Soxhlet extractorA Soxhlet extractor
is a piece of laboratory apparatus invented in 1879 by Franz von Soxhlet. It was originally designed for the extraction of a lipid from a solid material. Typically, Soxhlet extraction is used when the desired compound has a limited
solubility in a solvent, and the impurity is insoluble in that solvent. It allows for unmonitored and unmanaged operation while efficiently recycling a small amount of solvent to dissolve a larger amount of material.
A Soxhlet extractor has three main sections: a percolator (boiler and reflux) which circulates the solvent, a thimble (usually made of thick filter paper) which retains the solid to be extracted, and a siphon mechanism, which periodically empties the thimble.
The solvent is heated to reflux. The solvent vapour travels up a distillation arm, and floods into the chamber housing the thimble of solid. The condenser ensures that any solvent vapour cools, and drips back down into the chamber housing the solid material. The chamber containing the solid material slowly fills with warm solvent. Some of the desired compound dissolves in the warm solvent. When the Soxhlet chamber is almost full, the chamber is emptied by the siphon. The solvent is returned to the distillation flask. The thimble ensures that the rapid motion of the solvent does not transport any solid material to the still pot. This cycle may be allowed to repeat many times, over hours or days.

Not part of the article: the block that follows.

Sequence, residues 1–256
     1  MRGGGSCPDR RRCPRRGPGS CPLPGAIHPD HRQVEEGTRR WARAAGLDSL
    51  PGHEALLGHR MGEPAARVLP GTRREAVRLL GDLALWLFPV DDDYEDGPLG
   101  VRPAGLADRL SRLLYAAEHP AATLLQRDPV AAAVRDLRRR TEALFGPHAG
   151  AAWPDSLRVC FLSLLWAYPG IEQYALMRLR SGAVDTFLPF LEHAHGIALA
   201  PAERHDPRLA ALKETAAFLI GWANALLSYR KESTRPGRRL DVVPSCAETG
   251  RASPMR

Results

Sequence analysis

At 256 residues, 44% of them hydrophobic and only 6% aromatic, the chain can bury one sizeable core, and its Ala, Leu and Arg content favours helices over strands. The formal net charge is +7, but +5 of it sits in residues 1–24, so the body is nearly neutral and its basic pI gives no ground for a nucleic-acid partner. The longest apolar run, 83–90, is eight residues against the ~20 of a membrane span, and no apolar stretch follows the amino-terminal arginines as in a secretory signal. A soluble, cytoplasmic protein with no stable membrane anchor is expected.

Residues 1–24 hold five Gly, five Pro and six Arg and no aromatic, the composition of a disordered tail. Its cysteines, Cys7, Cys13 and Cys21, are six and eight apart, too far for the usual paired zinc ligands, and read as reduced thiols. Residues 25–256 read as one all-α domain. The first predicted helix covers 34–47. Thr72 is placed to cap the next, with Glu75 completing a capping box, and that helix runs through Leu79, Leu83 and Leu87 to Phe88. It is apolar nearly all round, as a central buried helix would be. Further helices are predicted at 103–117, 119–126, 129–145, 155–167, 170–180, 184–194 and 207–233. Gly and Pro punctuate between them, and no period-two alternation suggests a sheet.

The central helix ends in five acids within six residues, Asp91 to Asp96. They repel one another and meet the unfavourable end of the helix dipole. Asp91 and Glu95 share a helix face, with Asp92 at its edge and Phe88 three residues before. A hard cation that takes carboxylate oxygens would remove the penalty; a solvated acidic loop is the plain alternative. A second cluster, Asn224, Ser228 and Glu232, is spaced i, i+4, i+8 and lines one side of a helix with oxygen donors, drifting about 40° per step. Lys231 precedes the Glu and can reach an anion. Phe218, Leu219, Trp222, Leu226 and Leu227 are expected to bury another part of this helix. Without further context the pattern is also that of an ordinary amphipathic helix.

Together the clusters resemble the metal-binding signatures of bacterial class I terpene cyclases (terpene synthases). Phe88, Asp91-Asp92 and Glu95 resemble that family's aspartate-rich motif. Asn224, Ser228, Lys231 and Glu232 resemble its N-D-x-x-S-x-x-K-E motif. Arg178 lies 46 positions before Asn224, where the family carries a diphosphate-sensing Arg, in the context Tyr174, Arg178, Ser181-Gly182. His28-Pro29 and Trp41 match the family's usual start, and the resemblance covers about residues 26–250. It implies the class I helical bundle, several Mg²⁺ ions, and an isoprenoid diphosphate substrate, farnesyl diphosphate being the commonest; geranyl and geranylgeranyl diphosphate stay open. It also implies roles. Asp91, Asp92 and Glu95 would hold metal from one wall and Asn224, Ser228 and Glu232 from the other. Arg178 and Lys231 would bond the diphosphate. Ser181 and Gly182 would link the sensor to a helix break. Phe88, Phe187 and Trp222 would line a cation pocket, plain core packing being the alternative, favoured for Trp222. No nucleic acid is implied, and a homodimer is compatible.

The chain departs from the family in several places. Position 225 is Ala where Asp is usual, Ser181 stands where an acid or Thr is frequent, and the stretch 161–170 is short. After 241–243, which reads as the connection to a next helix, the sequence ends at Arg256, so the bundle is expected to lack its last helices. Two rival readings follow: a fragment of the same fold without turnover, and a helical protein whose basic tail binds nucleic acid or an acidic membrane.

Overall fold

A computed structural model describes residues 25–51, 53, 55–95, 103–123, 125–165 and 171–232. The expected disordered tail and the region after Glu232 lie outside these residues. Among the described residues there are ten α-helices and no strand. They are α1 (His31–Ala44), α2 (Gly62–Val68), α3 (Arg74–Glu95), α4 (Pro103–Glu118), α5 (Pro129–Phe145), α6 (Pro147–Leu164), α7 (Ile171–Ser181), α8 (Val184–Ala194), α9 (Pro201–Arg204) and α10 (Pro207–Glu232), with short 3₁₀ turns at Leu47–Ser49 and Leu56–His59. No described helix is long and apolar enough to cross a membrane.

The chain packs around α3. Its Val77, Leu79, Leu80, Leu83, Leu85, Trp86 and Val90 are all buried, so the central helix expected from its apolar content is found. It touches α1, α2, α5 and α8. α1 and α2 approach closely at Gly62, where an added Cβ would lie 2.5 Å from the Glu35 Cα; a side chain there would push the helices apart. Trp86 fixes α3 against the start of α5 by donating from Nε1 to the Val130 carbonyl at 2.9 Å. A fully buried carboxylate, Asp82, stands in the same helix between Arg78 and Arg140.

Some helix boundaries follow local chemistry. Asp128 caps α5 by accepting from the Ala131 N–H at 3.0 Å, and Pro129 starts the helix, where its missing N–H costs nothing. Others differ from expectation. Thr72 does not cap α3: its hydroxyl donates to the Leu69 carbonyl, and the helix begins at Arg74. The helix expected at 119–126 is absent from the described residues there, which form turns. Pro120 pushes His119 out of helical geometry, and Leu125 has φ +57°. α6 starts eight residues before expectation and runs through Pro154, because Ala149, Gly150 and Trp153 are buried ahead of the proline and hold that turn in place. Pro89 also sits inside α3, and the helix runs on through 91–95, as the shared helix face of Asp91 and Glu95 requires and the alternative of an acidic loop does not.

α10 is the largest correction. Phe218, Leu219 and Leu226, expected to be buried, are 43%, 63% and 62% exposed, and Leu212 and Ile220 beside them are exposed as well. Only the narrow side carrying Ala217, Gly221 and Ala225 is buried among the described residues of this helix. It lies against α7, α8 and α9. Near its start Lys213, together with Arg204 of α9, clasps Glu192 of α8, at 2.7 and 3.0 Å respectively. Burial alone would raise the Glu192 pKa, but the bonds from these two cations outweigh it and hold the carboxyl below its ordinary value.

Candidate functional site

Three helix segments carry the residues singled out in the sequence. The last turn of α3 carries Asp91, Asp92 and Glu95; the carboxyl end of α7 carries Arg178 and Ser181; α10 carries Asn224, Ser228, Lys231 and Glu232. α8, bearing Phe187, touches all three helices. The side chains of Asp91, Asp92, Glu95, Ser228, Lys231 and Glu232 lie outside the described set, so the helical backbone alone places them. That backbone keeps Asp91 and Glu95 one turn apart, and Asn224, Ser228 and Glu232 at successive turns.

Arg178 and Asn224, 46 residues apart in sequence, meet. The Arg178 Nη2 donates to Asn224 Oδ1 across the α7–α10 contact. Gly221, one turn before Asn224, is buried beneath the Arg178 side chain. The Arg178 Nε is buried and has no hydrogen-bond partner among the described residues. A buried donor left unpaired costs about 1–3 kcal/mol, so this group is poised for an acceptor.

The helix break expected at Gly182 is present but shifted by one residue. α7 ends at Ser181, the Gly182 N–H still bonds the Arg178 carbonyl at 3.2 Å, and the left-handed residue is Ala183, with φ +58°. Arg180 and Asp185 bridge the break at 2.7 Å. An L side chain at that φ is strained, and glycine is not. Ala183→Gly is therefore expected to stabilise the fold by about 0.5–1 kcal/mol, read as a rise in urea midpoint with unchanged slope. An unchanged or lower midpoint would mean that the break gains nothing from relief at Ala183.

During each cycle, a portion of the non-volatile compound dissolves in the solvent. After many cycles the desired compound is concentrated in the distillation flask. The advantage of this system is that instead of many portions of warm solvent being passed through the sample, just one batch of solvent is recycled.
After extraction the solvent is removed, typically by means of a rotary evaporator, yielding the extracted compound. The non-soluble portion of the extracted solid remains in the thimble, and is usually discarded.